“I really struggled with what I was going to do,” Iordache said. “Am I just not going to see them while they’re in school and then at night when I’m working?”

Iordache’s internal strife about her children is a common feeling among working mothers, many of whom have to juggle not just work and family responsibilities but also the “motherhood penalty.”  According to the American Association of University Women, the motherhood penalty is “the phenomenon by which women’s pay decreases once they become mothers.” As a result of this occurrence, working mothers often make 70 cents to their male counterparts’ dollar and are often not considered for further promotions at the frequency of their male counterparts.

Schickerling challenged the notion that female coaches should not be mothers.

“If you do want to support a family, it might be tough to do on an assistant [coach] salary. And so … having more opportunities [for women], I think would really help,” Schickerling said. She later added that “educating young females and helping them realize … how they can do both” would also help ease the concerns that mothers have about being coaches.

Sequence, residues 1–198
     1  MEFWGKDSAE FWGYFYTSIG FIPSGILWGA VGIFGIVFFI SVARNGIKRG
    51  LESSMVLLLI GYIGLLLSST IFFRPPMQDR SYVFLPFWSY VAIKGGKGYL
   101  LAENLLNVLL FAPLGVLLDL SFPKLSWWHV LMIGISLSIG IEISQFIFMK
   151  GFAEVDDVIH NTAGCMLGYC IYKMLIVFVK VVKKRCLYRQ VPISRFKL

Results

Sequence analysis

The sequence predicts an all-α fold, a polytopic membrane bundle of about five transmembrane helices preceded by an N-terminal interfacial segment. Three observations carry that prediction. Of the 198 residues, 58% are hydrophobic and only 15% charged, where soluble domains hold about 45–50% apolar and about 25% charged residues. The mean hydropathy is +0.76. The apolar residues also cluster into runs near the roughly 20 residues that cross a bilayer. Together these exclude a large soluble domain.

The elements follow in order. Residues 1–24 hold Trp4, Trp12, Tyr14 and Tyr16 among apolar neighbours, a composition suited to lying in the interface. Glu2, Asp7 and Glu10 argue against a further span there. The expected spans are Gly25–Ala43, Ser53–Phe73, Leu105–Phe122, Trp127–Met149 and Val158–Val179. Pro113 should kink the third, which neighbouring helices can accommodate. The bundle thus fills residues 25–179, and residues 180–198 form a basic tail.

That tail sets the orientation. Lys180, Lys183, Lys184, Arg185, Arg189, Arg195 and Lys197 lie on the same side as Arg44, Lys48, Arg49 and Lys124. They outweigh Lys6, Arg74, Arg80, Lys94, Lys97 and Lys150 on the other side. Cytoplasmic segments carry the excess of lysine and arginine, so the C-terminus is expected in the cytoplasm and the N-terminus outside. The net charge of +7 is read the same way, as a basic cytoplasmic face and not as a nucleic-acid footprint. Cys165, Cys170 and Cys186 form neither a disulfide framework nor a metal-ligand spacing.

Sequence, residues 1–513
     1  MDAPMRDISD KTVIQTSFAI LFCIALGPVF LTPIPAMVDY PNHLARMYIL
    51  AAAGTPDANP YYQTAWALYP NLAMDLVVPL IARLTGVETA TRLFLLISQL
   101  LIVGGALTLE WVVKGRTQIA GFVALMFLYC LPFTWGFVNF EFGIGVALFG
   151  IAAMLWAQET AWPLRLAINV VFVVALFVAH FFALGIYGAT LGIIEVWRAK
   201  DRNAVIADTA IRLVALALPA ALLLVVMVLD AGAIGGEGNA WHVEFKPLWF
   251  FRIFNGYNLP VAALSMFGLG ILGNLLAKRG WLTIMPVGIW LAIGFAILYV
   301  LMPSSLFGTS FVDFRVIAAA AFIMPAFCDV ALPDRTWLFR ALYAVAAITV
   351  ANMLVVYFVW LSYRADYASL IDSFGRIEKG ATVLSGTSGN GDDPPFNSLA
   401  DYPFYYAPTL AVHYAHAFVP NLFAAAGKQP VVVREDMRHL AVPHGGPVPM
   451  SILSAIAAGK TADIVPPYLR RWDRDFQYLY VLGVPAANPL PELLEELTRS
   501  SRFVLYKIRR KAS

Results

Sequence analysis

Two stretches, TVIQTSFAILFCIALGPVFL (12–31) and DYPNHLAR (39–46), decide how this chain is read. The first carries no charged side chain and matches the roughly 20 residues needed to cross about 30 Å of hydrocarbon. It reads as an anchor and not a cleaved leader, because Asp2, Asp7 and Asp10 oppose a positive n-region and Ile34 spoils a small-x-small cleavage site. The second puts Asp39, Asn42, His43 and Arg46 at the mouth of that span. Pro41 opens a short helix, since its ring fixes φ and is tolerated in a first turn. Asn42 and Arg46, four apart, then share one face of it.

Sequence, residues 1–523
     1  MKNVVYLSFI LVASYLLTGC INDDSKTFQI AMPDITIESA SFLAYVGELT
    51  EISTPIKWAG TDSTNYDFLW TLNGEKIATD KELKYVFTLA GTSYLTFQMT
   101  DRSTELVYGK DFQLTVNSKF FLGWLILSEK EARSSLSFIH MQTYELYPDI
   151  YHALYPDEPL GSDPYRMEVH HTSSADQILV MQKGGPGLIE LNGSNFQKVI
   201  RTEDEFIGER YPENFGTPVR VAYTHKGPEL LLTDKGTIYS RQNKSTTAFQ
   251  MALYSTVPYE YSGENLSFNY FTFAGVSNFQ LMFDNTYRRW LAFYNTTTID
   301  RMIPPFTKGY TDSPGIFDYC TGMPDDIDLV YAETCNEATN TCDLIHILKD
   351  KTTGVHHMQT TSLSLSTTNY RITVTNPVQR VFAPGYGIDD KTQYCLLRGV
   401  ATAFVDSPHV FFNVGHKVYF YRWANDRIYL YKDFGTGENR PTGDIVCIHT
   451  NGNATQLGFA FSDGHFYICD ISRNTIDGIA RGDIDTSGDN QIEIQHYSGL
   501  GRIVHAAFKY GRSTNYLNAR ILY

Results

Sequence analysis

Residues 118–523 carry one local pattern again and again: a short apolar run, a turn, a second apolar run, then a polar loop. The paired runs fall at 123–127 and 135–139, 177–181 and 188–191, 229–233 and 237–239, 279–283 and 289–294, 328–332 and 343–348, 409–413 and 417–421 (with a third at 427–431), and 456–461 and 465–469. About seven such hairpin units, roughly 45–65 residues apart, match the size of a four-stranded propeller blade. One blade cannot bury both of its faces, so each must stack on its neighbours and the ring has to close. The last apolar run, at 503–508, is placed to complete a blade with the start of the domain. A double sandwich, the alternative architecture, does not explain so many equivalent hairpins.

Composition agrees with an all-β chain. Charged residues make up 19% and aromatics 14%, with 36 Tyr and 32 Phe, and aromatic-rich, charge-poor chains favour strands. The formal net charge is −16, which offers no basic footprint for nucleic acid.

When she received the coaching job at Yale, Iordache was ecstatic because it offered her the opportunity to continue to coach while also being involved in her children’s lives.

In addition to the logistical advantages that working at Yale has provided her, Iordache said she has has appreciated the presence of female role models in its athletic department and the university’s supportive community, which has allowed her to flourish both on and off the pool deck.

“I’m just so thankful to be in a situation where I can be a mom and be a great coach,” Iordache said.

Iordache also expressed a strong desire to see more female coaches who are also mothers. She connected the need for more female coaches to the struggle for women’s equality as a whole.